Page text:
The Bearded Vulture comprises two well identified subspecies, which are also distributed in well differentiated regions. The subspecies covered by this plan, Gypaetus barbatus, is found in the mountainous regions of central and southern Europe, North Africa, the Middle East and Asia Minor to China. In Western Europe, its range has become fragmented and in 2009, the subspecies is only present in the Pyrenees (130 pairs), Corsica (9 pairs), Crete (5 pairs) and, thanks to reintroduction programmes, in the Alps (17 pairs) and Andalusia.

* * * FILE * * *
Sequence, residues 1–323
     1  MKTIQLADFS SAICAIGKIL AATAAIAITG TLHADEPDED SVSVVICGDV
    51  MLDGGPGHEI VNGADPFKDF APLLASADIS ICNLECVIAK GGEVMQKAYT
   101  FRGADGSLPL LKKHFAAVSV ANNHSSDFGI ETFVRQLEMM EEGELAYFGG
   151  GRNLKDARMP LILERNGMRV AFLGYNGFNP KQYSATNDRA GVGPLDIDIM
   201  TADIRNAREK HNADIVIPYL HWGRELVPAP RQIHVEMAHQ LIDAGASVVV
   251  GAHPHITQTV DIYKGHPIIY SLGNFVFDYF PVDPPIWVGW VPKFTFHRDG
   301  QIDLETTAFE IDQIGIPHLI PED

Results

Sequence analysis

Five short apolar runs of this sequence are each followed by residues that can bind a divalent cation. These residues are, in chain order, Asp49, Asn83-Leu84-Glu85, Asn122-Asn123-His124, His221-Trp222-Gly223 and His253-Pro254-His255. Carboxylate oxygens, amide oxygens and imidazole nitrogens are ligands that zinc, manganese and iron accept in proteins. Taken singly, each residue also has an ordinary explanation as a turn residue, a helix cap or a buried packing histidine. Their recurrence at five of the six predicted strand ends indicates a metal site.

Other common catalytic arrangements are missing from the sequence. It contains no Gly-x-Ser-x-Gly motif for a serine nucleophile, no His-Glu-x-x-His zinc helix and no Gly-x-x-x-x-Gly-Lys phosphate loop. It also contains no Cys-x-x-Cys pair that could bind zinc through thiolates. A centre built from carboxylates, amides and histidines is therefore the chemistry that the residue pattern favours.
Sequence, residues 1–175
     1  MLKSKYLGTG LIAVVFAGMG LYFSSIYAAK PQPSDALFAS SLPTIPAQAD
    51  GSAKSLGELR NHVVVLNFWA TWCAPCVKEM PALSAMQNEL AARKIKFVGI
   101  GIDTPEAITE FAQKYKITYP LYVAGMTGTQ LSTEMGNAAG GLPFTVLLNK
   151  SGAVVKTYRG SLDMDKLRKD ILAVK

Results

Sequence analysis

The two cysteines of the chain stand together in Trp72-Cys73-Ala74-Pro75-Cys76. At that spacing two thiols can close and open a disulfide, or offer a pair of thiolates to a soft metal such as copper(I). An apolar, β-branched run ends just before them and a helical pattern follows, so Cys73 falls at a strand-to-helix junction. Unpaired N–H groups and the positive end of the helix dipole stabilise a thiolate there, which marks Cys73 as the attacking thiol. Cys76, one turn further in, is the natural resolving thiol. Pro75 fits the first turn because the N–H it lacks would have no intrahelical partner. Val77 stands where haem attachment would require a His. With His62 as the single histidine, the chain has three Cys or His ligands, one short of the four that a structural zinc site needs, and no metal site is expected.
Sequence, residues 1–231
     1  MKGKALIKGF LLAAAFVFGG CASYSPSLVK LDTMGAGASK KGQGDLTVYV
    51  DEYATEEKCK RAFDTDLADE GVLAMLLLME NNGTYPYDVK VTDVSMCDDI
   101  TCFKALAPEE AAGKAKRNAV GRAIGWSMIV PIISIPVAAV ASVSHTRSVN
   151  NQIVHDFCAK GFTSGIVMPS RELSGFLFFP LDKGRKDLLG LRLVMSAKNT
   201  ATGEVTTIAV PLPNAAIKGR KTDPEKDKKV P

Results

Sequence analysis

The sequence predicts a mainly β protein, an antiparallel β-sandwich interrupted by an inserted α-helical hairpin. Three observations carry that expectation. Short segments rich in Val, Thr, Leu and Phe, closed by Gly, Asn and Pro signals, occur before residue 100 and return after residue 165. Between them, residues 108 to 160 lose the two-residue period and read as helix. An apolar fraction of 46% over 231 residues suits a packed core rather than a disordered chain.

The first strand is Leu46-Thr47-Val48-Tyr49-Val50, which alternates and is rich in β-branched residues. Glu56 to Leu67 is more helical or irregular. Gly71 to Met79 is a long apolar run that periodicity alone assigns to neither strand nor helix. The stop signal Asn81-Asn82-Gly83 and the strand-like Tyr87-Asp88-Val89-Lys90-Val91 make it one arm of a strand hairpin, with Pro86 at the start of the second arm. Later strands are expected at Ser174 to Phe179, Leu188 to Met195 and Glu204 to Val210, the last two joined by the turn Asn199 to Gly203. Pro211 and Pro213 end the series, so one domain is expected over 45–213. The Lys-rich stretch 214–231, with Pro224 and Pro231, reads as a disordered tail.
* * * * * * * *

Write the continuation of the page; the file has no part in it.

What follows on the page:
Despite the efforts made over the last 10 years in Western Europe, the species is considered "Threatened with extinction" according to IUCN criteria. A look at each mountain range qualifies this status for the populations present in France. In the Pyrenees, it is classified as "Vulnerable", whereas in the Alps and Corsica, it is classified as "Critically Endangered".